Title: The Young Elites (The Young Elites #1)
Author: Marie Lu
Publisher: G.P. Putnam’s Sons Books for Young Readers (Penguin)
Acquired Via: Around the World ARC Tours
Release Date: October 7, 2014
I am tired of being used, hurt, and cast aside.
Adelina Amouteru is a survivor of the blood fever. A decade ago, the deadly illness swept through her nation. Most of the infected perished, while many of the children who survived were left with strange markings. Adelina’s black hair turned silver, her lashes went pale, and now she has only a jagged scar where her left eye once was. Her cruel father believes she is a malfetto, an abomination, ruining their family’s good name and standing in the way of their fortune. But some of the fever’s survivors are rumored to possess more than just scars—they are believed to have mysterious and powerful gifts, and though their identities remain secret, they have come to be called the Young Elites.
Teren Santoro works for the king. As Leader of the Inquisition Axis, it is his job to seek out the Young Elites, to destroy them before they destroy the nation. He believes the Young Elites to be dangerous and vengeful, but it’s Teren who may possess the darkest secret of all.
Enzo Valenciano is a member of the Dagger Society. This secret sect of Young Elites seeks out others like them before the Inquisition Axis can. But when the Daggers find Adelina, they discover someone with powers like they’ve never seen.
Adelina wants to believe Enzo is on her side, and that Teren is the true enemy. But the lives of these three will collide in unexpected ways, as each fights a very different and personal battle. But of one thing they are all certain: Adelina has abilities that shouldn’t belong in this world. A vengeful blackness in her heart. And a desire to destroy all who dare to cross her.
It is my turn to use. My turn to hurt.
The Young Elites isn't my first Marie Lu book (I read and enjoyed Legend, but this is my favorite of the two. The book is a fantasy novel that reads like historical fiction - except for the part about the "superheroes", AKA "The Young Elites". The main character, Adelina, wasn't someone I fell in love with, but the atmosphere of the novel was more than enough to carry the book.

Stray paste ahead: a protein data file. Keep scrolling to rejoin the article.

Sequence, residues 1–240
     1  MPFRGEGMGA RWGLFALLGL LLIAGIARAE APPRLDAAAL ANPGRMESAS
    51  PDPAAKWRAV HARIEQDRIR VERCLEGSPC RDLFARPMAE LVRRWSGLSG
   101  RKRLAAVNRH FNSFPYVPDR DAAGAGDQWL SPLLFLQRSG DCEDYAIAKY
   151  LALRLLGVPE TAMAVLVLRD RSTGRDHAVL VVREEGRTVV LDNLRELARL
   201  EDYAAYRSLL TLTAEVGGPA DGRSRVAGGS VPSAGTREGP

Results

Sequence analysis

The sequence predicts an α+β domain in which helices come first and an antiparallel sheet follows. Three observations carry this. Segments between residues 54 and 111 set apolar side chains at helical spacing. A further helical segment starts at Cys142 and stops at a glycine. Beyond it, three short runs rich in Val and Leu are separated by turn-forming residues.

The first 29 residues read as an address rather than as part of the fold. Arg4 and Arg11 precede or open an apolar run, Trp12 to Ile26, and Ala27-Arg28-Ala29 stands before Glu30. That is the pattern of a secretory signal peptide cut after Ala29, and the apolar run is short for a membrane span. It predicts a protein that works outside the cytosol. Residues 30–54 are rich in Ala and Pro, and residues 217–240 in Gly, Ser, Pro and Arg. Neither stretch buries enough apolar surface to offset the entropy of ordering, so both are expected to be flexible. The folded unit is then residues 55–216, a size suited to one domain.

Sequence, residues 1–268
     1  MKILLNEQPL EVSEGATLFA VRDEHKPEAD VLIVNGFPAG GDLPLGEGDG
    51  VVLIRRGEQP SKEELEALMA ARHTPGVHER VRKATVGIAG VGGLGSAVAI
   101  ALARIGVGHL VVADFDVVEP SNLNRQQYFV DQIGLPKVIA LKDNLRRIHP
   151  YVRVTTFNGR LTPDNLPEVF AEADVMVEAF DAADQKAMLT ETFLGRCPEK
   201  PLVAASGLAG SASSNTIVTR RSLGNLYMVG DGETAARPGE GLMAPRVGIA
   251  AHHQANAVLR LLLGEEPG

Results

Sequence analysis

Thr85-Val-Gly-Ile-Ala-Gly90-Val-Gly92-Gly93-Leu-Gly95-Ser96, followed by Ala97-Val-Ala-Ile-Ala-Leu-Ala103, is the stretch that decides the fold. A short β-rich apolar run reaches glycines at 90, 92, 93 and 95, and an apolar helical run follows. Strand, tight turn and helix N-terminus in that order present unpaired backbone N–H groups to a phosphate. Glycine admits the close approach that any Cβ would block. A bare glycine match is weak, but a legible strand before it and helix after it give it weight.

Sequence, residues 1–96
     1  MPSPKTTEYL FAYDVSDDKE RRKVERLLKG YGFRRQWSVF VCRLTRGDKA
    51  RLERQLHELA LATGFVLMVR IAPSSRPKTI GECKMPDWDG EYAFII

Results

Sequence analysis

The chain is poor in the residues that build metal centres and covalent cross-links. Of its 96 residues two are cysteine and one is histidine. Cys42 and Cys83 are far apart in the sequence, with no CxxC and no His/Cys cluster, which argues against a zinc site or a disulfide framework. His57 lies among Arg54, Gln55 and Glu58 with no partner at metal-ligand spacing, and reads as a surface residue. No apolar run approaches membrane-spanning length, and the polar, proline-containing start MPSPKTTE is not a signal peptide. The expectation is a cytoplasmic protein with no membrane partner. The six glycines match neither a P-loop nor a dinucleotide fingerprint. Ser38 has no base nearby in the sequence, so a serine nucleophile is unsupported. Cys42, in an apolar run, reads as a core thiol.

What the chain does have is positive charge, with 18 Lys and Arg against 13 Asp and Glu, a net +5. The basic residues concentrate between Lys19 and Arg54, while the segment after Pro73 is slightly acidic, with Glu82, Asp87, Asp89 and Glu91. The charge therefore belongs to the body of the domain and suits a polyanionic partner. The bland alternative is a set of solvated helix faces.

Adelina, Teren, and Enzo are all characters with their own chapters in The Young Elites, but Adelina is the focus of the majority of them. She's been abused her entire life by her father, even to the point to where she feels alienated from her younger sister, Violetta, who she loves more than anything. Because of this, she has a lot of darkness in her, and she's forced to behave in ways that she may not have done otherwise. I can't really blame Adelina for this - I mean, we meet her in the Inquisition's dungeon - but it probably had an effect on my feelings for her. I didn't really get attached to Enzo or Teren much either, but Teren was loads more interesting. I do love a good villain.
The Young Elites reminds me of a historical because of the Inquisition. Instead of them trying to weed out Jews, Protestants, Muslims, witches, etc., they are weeding out malfettos in order to find the Young Elites. Their methods in fact reminded me of what I've read of the Spanish Inquisition. Anywho, not all malfettos had the superpowers of the Young Elites, but a lot of the awfulness was done in order to draw them out. That being said, this part of the world-building was well thought out because it read like a real thing. You know, except for the super powers part.
I never got around to finishing the Legend series, but The Young Elites is definitely a trilogy that I'm going to stick with. There is so much in this world that I want to learn about like Enzo's sister and the new characters introduced at the very end. HOW CAN WE BE LEFT WITH AN ENDING LIKE THAT?!
*takes a deep breath*
The Young Elites is seriously a strong first installment in what I'm sure will be a fantastic series, and you would be doing yourself a favor if you picked up this book.
Amazon | Barnes & Noble | Book Depository | Fishpond
To satisfy FTC guidelines, I am disclosing that I received an advance copy of the book briefly for reviewing purposes through Around the World ARC Tours in exchange for an honest review. The book was likely provided to the tour by the publisher or author, which has in no way affected the outcome of my review. All opinions expressed are rambling, honest, and completely my own.